Like many today Ahab hated the voice of truth but that did not keep Micaiah from boldly speaking out. May God raise up men and women today who will speak the truth to our world. We want to be two of them. Won’t you join us?

The post title reminded me of a song which Steven and Brooksyne had already linked to. Posts at Daily Encouragement include photos, suggested music and stories of their chaplaincy ministry. Here’s the song Voice of Truth by Casting Crowns.

April 15, 2012

Spiritual Transformation

Today we introduce you to yet another new blog, I Want to Believe in God by Justin Powell; where this post appeared recently under the title Be Transformed.

“And do not be conformed to this world, but be transformed by the renewing of your mind, that you may prove what is that good and acceptable and perfect will of God.” –Romans 12:2

There are two parts to man—the spirit and the natural.  The natural part of man is what the Bible often refers to as our “flesh.” I realize my flesh will never be satisfied.  Man was created to walk in the Spirit but our flesh calls us to darkness and wishes for us to remain there.  Lust by nature and definition cannot be satisfied.  Our carnal lusts will continually want more.  It is only through Christ that we can walk in the Spirit and seek the will of God in our lives.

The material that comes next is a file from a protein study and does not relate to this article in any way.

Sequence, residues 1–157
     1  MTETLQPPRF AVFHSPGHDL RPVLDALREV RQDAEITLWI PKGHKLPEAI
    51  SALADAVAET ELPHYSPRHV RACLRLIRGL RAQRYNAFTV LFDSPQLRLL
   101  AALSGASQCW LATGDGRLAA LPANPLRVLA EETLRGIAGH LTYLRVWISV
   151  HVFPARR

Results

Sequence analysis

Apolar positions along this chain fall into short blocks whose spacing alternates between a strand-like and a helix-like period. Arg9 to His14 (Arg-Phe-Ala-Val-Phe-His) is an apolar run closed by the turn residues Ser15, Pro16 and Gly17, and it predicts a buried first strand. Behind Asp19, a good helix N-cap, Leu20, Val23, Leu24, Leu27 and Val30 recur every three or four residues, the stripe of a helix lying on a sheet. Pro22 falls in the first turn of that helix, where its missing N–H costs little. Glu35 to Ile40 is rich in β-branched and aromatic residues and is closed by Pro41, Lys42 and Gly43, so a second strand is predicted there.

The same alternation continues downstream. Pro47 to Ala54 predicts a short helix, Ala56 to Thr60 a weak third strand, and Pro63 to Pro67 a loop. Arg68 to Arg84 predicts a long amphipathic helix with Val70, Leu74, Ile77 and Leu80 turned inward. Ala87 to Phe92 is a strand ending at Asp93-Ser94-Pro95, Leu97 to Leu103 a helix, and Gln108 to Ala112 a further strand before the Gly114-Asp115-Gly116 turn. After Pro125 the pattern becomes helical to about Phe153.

The Chuck Smith commentary on this verse states:

“Many people seek to relate man to animals, because they want to live like them. Animals don’t possess a spirit and live solely on a body-conscious level.  So, the man who wants to feel free of any responsibility to God disclaims his spiritual capacities and proclaims himself a highly evolved animal. He’s constantly searching for the missing link between himself and the ape.  Natural man does have a missing link, but it’s not between man and the animal kingdom, but between man and God.  Man, once created in the image of God, has fallen from the spirit-controlled being he once was to the flesh-controlled creature he has become.”

Once we have tasted the goodness of the Lord our spirit is never content unless we are walking in the will of God.  If we are Christians but led by our flesh, then we are not walking in the will of God and this will only bring confusion, bondage, strain, depression and discontent.  That is not the joy the Bible talks about.  Jesus offers a way out and a way to freedom—it’s called being a disciple.  The way to freedom is to simply follow Jesus, so what do we have to do to be a disciple of Jesus?

Jesus said:

“If anyone desires to come after Me, let him deny himself, and take up his cross, and follow Me.  For whoever desires to save his life will lose it, but whoever loses his life for My sake will find it.  For what profit is it to a man if he gains the whole world, and loses his own soul? Or what will a man give in exchange for his soul?”

Be strong today and be encouraged because Christ is with you!  When your flesh calls you to darkness rely on the power of Christ and His word to lead you from temptation.

“No temptation has overtaken you except such as is common to man; but God is faithful, who will not allow you to be tempted beyond what you are able, but with the temptation will also make the way of escape, that you may be able to bear it.” -1 Corinthians 10:13 

Glory to God and Christ our Savior!

~Justin Powell

Read more at the same blog by the same author: The Lord Has Set Peace Before You.